See why this particular “tiny church” was the perfect venue for this special evening of cabaret entertainment …

Earlier in November, accordionist Kathy Fors, Barbara Bernstein on violin, singer Lisa Berksom Platt string bass player Jamie Leopold, as “Padam Padam” bring an evening of French cabaret music to the Oaks Pioneer Church.

Story and photos by David F. Ashton
Although music frequently accompanies weddings and other social events held at historic Oaks Pioneer Church in Sellwood – built in 1851, and now perched on a grassy hillside within view of the Willamette River – it’s never been the venue for a concert.

“I’ve been told it’s been their dream to host live music here,” said composer, and musician with the group “Padam Padam”, Barbara Bernstein, “it’s never happened until tonight.”

Bernstein, nationally known as a radio documentary producer and locally as a talk show radio host, told us she lives just around the corner and has walked three different dogs of hers past the church and down to the trail below. “I always thought this would be a really sweet place to play.”

Barbara Bernstein says each member of the group adds to the diversity of the music they perform.

Group has Inner SE Portland ties
Although the group has performed together for only about three years, it has gained a national reputation. And three of the four current members of Padam Padam are, or have been, East Portland residents.

The group’s accordionist, Kathy Fors, lives the Brooklyn neighborhood. The utility player, Jamie Leopold, featured on keyboard, string bass and guitar, grew up in Buckman, and now lives in Irvington. “Our vocalist, Lisa Berksom Platt, lives in the West Hills,” quipped Bernstein, “but we forgive her for that!”

While Barbara Bernstein plays, Lisa Berksom Platt sings the song for which their group is named, “Padam Padam”.

Performing songs of passion, with passion
“Padam, Padam”, which roughly translated means “the sound of the clock in the little French salon”, is the title of a sad, haunting song written and performed by a famous French cabaret singer who performed from the 1930s to 1960s, Edith Piaf.

“It’s one of our main songs,” Bernstein explained. “It’s fitting for us, because we perform songs of passion, in a European cabaret style. We mix in tangos, Mexican and klezmer music with our original songs.”

Picking up her guitar, Barbara Bernstein and Lisa Berksom Platt sing one of Bernstein’s original songs.

Essence from another universe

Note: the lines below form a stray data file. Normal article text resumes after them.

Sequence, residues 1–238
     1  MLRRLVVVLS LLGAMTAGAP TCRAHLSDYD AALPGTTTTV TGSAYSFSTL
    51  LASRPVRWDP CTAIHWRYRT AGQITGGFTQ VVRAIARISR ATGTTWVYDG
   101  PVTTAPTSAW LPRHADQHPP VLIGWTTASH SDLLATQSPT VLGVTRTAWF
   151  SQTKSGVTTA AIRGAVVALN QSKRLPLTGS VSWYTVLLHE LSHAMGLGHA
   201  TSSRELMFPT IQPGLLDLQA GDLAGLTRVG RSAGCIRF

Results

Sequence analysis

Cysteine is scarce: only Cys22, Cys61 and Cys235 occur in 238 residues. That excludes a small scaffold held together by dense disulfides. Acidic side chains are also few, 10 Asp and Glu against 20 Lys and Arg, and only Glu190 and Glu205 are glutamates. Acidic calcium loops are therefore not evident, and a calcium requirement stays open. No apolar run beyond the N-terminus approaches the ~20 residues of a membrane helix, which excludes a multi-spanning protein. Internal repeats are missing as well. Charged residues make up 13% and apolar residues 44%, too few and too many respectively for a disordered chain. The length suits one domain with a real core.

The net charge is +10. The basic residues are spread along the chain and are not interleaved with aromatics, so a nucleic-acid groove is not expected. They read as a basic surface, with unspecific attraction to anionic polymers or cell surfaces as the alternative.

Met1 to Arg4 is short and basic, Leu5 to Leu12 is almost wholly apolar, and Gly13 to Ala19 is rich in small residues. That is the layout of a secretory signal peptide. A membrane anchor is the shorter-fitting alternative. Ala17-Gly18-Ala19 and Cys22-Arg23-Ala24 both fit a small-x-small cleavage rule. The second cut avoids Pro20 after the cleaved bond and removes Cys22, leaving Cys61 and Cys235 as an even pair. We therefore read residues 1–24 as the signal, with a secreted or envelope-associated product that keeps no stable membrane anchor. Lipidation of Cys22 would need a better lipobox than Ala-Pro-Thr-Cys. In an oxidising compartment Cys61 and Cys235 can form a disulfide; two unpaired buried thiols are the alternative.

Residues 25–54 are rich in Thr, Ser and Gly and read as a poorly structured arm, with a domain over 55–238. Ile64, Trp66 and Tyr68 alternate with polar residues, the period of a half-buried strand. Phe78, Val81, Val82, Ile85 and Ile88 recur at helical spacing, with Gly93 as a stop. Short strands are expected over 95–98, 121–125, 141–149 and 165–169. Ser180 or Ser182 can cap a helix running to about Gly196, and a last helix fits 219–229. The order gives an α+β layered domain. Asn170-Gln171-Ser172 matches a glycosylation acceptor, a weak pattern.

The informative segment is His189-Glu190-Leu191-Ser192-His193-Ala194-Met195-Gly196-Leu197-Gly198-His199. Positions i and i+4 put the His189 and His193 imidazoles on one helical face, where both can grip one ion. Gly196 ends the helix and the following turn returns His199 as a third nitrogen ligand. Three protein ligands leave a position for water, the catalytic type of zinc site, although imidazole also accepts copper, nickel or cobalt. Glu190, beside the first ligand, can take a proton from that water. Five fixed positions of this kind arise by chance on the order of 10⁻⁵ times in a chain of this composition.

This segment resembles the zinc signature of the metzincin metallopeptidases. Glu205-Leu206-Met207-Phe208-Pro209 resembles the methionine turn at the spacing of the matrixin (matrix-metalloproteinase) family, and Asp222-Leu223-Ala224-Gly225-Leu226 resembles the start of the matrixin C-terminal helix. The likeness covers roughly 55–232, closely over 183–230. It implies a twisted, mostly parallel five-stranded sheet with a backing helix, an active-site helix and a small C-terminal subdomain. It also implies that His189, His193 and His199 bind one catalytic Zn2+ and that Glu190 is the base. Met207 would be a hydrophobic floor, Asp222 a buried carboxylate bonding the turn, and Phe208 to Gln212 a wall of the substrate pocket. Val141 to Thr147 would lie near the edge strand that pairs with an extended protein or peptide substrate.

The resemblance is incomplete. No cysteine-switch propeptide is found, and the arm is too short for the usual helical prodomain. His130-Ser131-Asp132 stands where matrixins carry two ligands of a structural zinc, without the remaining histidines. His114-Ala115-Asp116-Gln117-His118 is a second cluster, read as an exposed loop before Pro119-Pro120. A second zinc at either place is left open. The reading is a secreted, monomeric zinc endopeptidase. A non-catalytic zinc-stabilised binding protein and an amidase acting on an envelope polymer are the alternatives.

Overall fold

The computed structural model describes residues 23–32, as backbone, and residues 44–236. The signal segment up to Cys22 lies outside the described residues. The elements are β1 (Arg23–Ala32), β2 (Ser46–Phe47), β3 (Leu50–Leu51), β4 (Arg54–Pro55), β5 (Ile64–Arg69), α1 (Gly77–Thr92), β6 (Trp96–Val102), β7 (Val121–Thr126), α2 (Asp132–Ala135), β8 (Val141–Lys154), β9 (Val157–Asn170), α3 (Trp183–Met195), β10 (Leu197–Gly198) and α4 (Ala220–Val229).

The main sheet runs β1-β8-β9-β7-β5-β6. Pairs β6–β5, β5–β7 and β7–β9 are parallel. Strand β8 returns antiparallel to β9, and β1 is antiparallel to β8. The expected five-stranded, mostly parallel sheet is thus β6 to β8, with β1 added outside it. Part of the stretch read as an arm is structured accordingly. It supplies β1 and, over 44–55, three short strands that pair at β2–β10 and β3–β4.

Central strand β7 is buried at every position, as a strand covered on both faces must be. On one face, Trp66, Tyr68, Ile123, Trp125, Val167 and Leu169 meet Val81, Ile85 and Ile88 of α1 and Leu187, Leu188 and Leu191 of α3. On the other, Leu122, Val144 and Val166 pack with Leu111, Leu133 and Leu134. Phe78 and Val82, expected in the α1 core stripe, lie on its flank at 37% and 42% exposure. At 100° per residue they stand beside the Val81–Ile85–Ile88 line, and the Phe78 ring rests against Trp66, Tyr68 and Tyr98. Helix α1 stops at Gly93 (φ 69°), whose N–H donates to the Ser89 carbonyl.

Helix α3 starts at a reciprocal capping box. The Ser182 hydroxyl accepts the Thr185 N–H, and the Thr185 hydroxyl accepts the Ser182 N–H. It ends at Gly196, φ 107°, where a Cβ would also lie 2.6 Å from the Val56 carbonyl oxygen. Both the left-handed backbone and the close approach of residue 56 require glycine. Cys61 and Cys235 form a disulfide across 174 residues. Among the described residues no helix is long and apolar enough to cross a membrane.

The group agreed that on “bad days”, playing music feels like a mechanical job. “But when we’re playing together, especially with a good group like this, it’s like we merge into a single soul,” rhapsodized Bernstein. “It’s like you’re channeling the music from someplace else; someplace special.”

But it’s not magic, she continued – there is lot of work involved, and the group puts in quite a bit of rehearsal time and “wood-shedding”. “But when things are working; the harmonies are right, and you’re locked in rhythmically and in phrasing, it feels like it’s an essence from another universe that’s landed here.”

Indeed, at the Oaks Pioneer Church, November 7 must have been one of those “good nights” – the music of Padam Padam was harmonious and soulful, and enchanted the audience well into the evening hours.

Hear some of their music, and learn more about the group, by visiting their web site by CLICKING HERE.

© 2008 David F. Ashton ~ East Portland News

For many days this past month, we were drinking water out of the ground – not from Bull Run. Learn what students in this class learned about keeping our water safe and wholesome …

“Groundwater 101” classmates start the session by guessing how much of various sources of water are used by drinking – by humans around the world.

Story and photos by David F. Ashton
The fact it was a cold, foggy Saturday morning didn’t dampen the spirits of a classroom full of folks eager to explore the mysteries and intricacies of Portland’s groundwater system.

“The class is called ‘Groundwater 101’,” explained Briggy Thomas, Education Program Manager at Portland Water Bureau (PWB). “It’s sponsored by the Portland Water Bureau and the Columbia Slough Watershed Council. We teach groundwater basics, including local geology, hydrogeology, what role groundwater plays in Portland’s drinking water system, and what we are doing to protect this important resource.”

PWB Educational Program Manager Briggy Thomas reveals the results of the water survey.

Groundwater used this month
Highlighting the importance of this resource was that, for nearly two weeks this month – including the November 15 class date – the drinking water for the entire Portland metro area was being pumped out of the Columbia South Shore Well Field.

“We had to use the groundwater supply for longer than usual,” the class professor, PWB groundwater specialist, Randy Albright, told us before he began his program. “The heavy rains caused a ‘turbidity event’ in the Bull Run Reservoir. Because we have an unfiltered drinking water system, we use our backup source until the water clears.”

Albright added that this groundwater also provides seasonal argumentation during the dry summer months. “It is the water supply right underneath our feet. It’s important that people know that what we choose to do on the surface of the land can affect our drinking water below us.”

Randy Albright, PWB groundwater specialist, explains that the water being used at this city-sponsored class came right out of the ground beneath their feet.

Safeguarding our water
During the class, attendees learned that water is drawn from 25 wells in four aquifers spread over an eleven square mile area that includes lands in Portland, Gresham and Fairview.